TikTok defies sanctions, uses loopholes to harness NVIDIA’s AI chips for training AI

The US government banned the sale of AI chips like NVIDIA’s H100 to China in 2022 to prevent Chinese tech companies from using advanced AI for military or surveillance. However, Chinese businesses have been exploiting various loopholes to get around this ban.
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In a surprising revelation, Oracle is allegedly renting out Nvidia’s advanced AI chips to ByteDance, the owner of TikTok, despite a US ban on selling these chips to China. This practice highlights a significant loophole in the current regulations aimed at preventing advanced AI technology from falling into Chinese hands.

The US government banned the sale of advanced AI chips, such as Nvidia’s H100, to China in 2022. This move is part of a broader effort to prevent China from using advanced AI for military or surveillance purposes and to maintain a technological edge.

However, The Information reported that Oracle is circumventing these restrictions by renting out servers equipped with Nvidia’s chips to ByteDance within the US. While the chips are not being exported directly to China, this arrangement still allows ByteDance to leverage US-based AI capabilities.

ByteDance, suspected by many US lawmakers of having ties to the Chinese government, is reportedly utilizing Nvidia’s H100 chips rented from Oracle to train AI models on US soil. This arrangement is technically within legal bounds since the chips are not leaving the country. However, the spirit of the regulation, aimed at restricting China’s access to advanced AI technology, is clearly being undermined.

ByteDance’s Project Texas initiative aims to address US security concerns by claiming to isolate TikTok’s US operations from its Chinese headquarters. However, former ByteDance employees have described this initiative as largely superficial, suggesting that significant interactions still occur between the US and Beijing-based teams.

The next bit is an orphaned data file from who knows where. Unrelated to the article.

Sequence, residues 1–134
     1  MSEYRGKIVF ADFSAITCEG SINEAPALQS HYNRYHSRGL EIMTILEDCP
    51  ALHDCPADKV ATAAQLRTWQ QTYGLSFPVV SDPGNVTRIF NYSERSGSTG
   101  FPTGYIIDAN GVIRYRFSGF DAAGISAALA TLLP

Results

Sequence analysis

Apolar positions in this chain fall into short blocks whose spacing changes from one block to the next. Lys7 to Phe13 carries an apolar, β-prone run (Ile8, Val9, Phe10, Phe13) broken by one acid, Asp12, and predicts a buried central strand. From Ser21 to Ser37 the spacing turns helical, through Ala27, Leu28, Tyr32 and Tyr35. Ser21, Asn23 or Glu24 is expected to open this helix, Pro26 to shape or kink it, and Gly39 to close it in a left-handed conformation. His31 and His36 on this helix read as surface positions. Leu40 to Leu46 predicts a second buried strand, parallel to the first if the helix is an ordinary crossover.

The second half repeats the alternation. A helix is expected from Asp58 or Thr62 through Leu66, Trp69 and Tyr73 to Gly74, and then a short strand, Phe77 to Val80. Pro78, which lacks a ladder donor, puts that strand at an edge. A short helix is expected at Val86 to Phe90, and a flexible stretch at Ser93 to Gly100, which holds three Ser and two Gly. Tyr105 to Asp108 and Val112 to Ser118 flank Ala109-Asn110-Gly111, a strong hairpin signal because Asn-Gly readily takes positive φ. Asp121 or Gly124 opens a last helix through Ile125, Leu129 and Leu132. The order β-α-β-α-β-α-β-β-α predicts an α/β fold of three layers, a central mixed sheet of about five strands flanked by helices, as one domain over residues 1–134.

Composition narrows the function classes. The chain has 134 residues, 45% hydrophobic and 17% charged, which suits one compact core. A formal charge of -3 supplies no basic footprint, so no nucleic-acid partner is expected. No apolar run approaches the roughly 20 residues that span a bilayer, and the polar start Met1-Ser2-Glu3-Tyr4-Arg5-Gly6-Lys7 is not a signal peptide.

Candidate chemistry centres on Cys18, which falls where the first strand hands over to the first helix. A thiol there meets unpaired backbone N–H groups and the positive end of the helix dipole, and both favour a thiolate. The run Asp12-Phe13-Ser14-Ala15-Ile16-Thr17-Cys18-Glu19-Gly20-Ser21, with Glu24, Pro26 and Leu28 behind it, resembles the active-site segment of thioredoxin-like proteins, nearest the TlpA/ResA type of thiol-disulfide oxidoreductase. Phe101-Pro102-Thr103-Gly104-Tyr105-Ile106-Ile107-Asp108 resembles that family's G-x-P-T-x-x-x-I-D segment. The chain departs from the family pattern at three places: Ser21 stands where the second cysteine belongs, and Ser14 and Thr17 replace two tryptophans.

Other Chinese tech giants like Alibaba and Tencent are reportedly considering similar arrangements to access Nvidia’s chips. These companies might find it even easier to exploit these loopholes since they own US-based data centres, eliminating the need to rent from American firms.

Not all US companies are willing to engage in such practices. Two smaller American cloud providers reportedly declined ByteDance’s offers to rent Nvidia’s H100 chip-equipped servers, citing concerns about violating the spirit of US chip restrictions.

The US Commerce Department is aware of these practices and proposed a rule earlier this year to address the issue. This rule would require US cloud providers to verify the identities of foreign customers and report if they are training AI models potentially used for malicious purposes. However, many cloud providers opposed this proposal, arguing that the additional requirements would be burdensome. As a result, the proposed rule is currently in limbo.

Even if the US manages to close this particular loophole, it may not prevent Chinese cloud providers like Tencent and Alibaba from purchasing Nvidia’s chips and using them in their US-based data centres. This presents an ongoing challenge for US regulators who must balance business interests with national security concerns.

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